My son is putting the finishing touches on a photo edit. He adds color filters, graphic overlays, texture, text – and a delicate insignia that expresses his authorship. A swipe of his finger sends the artwork into the “digisphere.” Within seconds, the first “ping” resonates with affirmation. He is good. His social network says so. He is 13.
Soon, my son will join a shopping cohort with completely different expectations of “customer experience.”
Their brains and their world – each person’s brain and world, in fact – are in a continuous give-and-make loop of experience: The environment creates our brains, wiring neural connections together, and the wiring of our brains influences how we experience the world. Digital technology and the influence of social media networks are changing the ways in which our brains are wired. In turn, how we communicate and the manner in which brands and retailers connect with us must change.
The foundations of relationships, built on embodied interaction, are disintegrating as we communicate more through our screens than our faces. Increasingly, embodied empathic relationships are missing. This is not entirely awful news, because it’s being augmented with something new – the empowerment that comes from crafting experiences that are relevant because we, in part, have made them ourselves.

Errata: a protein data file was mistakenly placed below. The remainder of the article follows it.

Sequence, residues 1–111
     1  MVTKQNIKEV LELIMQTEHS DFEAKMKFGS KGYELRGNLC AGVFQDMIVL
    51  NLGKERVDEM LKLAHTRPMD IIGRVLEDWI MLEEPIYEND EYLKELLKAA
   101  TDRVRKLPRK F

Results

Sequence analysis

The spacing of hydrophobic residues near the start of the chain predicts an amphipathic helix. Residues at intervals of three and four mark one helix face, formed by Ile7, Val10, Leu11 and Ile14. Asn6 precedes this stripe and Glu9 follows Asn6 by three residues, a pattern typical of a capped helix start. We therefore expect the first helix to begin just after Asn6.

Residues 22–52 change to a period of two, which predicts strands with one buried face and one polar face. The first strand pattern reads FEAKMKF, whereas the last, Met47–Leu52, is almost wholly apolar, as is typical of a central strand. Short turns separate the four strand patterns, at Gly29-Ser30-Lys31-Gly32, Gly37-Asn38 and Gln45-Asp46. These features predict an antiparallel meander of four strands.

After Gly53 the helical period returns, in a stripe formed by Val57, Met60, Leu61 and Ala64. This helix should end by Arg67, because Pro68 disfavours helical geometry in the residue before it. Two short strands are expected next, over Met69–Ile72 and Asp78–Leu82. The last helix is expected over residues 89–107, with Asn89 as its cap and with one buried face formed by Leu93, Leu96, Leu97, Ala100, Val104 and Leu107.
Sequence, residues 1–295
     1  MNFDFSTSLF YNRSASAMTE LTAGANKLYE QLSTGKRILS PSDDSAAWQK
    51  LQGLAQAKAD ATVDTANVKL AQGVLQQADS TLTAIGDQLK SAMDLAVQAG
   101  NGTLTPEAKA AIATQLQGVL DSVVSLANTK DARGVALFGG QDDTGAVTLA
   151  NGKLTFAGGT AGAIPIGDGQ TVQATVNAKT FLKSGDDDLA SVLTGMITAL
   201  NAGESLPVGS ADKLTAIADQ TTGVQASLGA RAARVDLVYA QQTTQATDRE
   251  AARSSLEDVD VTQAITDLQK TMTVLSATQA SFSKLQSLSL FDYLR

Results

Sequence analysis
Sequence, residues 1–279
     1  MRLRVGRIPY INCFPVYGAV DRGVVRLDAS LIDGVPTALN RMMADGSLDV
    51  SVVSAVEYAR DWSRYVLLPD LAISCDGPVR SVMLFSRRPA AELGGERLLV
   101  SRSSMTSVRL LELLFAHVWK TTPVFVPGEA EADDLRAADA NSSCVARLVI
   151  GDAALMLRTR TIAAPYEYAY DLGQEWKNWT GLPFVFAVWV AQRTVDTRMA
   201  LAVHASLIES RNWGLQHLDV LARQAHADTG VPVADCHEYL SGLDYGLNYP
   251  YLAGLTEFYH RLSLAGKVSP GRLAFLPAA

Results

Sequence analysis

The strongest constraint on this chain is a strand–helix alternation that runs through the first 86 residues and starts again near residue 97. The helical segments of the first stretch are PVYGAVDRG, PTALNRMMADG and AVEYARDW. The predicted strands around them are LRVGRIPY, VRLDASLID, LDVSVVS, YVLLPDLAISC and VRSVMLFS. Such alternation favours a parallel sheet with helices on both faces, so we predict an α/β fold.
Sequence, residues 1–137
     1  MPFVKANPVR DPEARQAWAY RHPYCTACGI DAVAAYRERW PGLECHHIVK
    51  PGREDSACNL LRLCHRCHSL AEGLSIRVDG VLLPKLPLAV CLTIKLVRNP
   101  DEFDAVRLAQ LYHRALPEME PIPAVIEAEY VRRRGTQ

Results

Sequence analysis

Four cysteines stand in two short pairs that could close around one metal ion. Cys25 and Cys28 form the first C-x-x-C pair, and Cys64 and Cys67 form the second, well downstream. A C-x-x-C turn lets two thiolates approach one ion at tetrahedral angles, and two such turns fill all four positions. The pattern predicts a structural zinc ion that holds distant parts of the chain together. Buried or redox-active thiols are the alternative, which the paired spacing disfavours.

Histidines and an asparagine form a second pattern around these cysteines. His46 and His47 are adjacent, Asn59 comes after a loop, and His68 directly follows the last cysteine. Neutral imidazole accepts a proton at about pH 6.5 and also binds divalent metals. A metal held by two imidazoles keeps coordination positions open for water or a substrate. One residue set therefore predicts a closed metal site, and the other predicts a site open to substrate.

Until recently, the exchange of information between brands and customers has been unidirectional – flowing from the brands, through marketing and advertising channels, toward the people who buy their goods and services. In the digital sphere, this exchange is becoming more profound in the opposite direction, coming from customers who are continuously producing and pushing digital content into the system.
Today, we capture our life experiences in episodic moments, creating the brand of ME. ME is a brand built not on vast demographic trends but on my specific preferences. The long-term viability of the ME brand relies on continual creation of new “product,” not unlike retailers satisfying their customers’ need for novelty, context and belonging. In the process, all of those ME brands – billions of them – are becoming remarkably good marketers, adept at knowing what can be sold by them – and at knowing what is being sold to them. Being good marketers themselves, a generation of MEs will see through traditional marketing techniques.
How do you remain relevant in such an environment? By fostering relationships that allow for customer-created content to become part of the shopping experience. This process, known as “Creative Collaborative Consumerism,” will be a major component in the future of retail placemaking. Brands and retailers will co-op the shopping experience with their customers, offering empowerment and novelty by allowing shoppers to craft shopping experiences for themselves, by themselves. ◆
“DIGITAL TECHNOLOGY AND THE INFLUENCE OF SOCIAL MEDIA NETWORKS ARE CHANGING THE WAYS IN WHICH OUR BRAINS ARE WIRED.”DAVID KEPRON
AUTHOR AND CREATIVE DIRECTOR, BRAND EXPERIENCE STUDIO, LITTLE DIVERSIFIED ARCHITECTURAL CONSULTING
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